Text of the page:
Funny Maps and Fragmented Jurisdictions

Post date: Mar 6, 2012 2:31:09 AM

Kaid Benfield’s recent blog on fragmented borders in Belgium and the Netherlands is a funny look at how some medieval jurisdictional lines have survived into the 21st century. It’s somehow comforting to know that not all the ancient eccentricities of geography have been “reformed.”

I have just two thoughts to add – one on the light side, one more serious.

On the light side, anyone really interested in imagining the complexities of living in a place with confused and overlapping boundaries needs to read China Mieville’s novel The City and the City – where citizens can be “grosstopically” in two cities at once but officially only in one! It’s great fun!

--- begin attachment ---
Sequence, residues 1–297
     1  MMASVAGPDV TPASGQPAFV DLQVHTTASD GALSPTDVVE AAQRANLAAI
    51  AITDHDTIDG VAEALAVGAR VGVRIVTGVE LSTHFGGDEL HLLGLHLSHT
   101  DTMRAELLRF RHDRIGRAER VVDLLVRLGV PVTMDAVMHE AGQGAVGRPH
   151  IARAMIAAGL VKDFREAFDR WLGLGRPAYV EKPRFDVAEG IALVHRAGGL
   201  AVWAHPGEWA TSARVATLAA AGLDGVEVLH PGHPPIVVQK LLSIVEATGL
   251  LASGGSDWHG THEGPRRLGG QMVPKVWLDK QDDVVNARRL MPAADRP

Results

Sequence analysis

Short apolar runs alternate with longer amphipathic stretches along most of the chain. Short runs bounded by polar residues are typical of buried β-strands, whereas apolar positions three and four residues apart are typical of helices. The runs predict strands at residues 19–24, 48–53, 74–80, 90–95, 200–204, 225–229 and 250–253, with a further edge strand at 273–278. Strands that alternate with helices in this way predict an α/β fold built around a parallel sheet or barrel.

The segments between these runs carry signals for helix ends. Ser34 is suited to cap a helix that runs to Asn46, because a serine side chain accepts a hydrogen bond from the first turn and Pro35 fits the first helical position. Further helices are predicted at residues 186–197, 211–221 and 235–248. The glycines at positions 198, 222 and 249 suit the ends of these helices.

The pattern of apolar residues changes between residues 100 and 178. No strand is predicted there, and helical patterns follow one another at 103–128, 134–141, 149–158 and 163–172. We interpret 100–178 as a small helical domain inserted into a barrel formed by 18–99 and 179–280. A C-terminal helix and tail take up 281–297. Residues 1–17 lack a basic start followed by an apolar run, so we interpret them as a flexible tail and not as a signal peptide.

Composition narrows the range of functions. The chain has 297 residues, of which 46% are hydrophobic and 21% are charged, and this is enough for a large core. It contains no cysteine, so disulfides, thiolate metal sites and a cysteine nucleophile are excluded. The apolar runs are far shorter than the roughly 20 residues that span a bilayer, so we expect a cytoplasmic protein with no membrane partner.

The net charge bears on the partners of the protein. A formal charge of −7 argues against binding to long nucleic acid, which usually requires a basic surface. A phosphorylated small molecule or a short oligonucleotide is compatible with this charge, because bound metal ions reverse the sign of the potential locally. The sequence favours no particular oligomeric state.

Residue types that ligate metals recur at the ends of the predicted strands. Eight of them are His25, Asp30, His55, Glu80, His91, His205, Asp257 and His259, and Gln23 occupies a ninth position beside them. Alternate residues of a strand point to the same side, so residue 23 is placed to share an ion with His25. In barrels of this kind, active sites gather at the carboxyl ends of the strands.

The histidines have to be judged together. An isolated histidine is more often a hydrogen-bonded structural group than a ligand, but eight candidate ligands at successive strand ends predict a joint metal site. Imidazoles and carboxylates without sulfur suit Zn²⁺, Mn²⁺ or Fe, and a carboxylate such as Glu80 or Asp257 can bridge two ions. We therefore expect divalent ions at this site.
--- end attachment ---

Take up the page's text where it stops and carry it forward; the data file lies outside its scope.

Less fun is dealing with fragmented jurisdictions in the real world. All of us in the transportation planning world have had to deal with. One problem I’m chewing on now is – I think – pretty peculiar to New Jersey and Pennsylvania: small town centers (“boroughs”) surrounded by suburban “townships,” often leading to bad planning decisions in both jurisdictions. Maybe we should have a field trip to that sidewalk café in Baarle-Nassau (or Baarle-Hertog?) and mull the problem over a Belgian (or Dutch?) beer or two!